- Efficiency is a priority for robotics requiring encoders capable of producing feedback on speed and positioning in challenging conditions.
- Throughput is the focus for robotics and so encoder selection is crucial for its success.
- Rotary or angle encoders are typically used and can be either optical, magnetic or inductive depending on the application requirements.
- Absolute encoders are preferred because they provide a unique signal per position ensuring data is retained when powered off/on.
While they have a futuristic aura around them, robots aren’t really all that new. They’ve been used in advanced manufacturing facilities for decades already. But, what is being demanded of robots and how they’re used is accelerating and diversifying all at once. It’s making component-level decisions more crucial to success than ever before. Here, we’ll explain some of the different encoder options and innovations can help tackle the feedback challenges in this dynamic field.
The different types of robots
According to ISO 8373, robots require “a degree of autonomy”, which is the “ability to perform intended tasks based on current state and sensing, without human intervention.”
As some of the leaders in robotics, manufacturers are driving all kinds of innovation behind the scenes; these include robots that work side-by-side, interacting with people. More and more, however, we’re seeing robotics play a role in everyday life. Let’s look at three of the most common types of robots in use.
Everyone’s seen video clips of a car plant where huge articulating arms are flying around from point to point on an in-process vehicle. These articulating arms were among the first and are the most common type of industrial robots. Among other things, these are used for packaging, palletizing, painting, advanced machining, disassembly, or material handling in just about any industry you can imagine. These arm-style robots have, and continue to, add more axes, speed, coordination and precision with every new generation.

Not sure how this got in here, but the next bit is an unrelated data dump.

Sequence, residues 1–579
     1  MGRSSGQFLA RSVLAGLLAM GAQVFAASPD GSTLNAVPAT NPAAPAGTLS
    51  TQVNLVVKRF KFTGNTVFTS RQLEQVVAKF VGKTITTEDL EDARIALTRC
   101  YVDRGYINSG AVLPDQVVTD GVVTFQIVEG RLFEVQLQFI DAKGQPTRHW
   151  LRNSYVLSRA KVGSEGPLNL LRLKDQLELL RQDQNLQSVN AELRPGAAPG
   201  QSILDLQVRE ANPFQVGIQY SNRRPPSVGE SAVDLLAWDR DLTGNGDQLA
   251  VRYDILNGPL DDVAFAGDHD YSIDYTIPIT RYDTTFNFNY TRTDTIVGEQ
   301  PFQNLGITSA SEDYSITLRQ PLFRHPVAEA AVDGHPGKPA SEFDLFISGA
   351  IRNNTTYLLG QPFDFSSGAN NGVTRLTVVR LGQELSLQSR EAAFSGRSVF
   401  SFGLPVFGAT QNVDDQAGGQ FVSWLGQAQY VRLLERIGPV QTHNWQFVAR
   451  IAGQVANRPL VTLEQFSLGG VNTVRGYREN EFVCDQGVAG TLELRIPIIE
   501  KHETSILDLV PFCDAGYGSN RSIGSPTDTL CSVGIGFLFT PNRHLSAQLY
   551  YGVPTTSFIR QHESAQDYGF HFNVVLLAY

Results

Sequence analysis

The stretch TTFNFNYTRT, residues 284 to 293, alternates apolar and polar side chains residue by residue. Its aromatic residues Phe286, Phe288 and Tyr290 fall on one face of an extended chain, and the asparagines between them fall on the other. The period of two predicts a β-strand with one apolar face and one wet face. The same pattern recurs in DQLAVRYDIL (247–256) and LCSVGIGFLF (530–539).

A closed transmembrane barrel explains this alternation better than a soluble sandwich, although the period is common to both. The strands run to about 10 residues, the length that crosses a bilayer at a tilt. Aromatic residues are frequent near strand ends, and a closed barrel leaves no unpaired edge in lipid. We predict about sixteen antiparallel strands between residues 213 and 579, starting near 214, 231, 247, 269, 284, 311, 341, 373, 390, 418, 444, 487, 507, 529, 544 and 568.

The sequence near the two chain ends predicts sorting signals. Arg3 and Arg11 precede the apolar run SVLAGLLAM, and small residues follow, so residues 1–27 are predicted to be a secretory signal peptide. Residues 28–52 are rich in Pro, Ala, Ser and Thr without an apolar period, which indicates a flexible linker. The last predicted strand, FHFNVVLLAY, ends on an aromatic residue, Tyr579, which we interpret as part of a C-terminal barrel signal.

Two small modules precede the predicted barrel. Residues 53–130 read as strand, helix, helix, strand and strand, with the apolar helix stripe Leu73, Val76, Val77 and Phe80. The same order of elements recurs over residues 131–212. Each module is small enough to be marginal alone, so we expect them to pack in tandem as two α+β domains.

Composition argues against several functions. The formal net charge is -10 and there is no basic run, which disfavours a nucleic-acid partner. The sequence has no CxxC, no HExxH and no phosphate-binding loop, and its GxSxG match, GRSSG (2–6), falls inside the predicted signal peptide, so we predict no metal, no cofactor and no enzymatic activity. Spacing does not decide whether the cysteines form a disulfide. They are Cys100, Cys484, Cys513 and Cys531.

Other types of industrial robots include modified arm arrangements, cylindrical coordinate robots and spherical coordinate robots.
A newer subset of industrial robotics are designed specifically for human-robot interaction, capable of safely working in close proximity to a person. Classifying these in the market can be confusing, because many industrial robotics companies are either expanding their offerings or reinventing themselves to serve the growing cobot space.
Common tasks performed by these robots include machine tending for things like tool or material changes, delicate and precise repetitive tasks, finishing work like polishing, deburring or grinding and inspection. These can take an arm form or something very different and customized for a job.
The most simple definition of a service robot is one that performs useful tasks for humans or equipment, excluding industrial automation applications. These can be used to bring a towel to your hotel room, wash the windows on a large building or help diagnose and treat patients. They are often autonomous or have a remote control system.
For service robots this ranges from partial autonomy – including human-robot interaction – to full autonomy – without active human robot intervention. The International Federation of Robotics (IFR) statistics for service robots therefore include systems based on some degree of human robot interaction or even full tele-operation as well as fully autonomous systems.
Encoders in robots
In most cases where robots are deployed, throughput is the name of the game. Robots must go just where it’s supposed to (encoder accuracy) as quickly as possible (encoder resolution), whether it’s an entire arm or just the tool center point. The demands only get more difficult to achieve as the technology we use shrinks and gets more complex.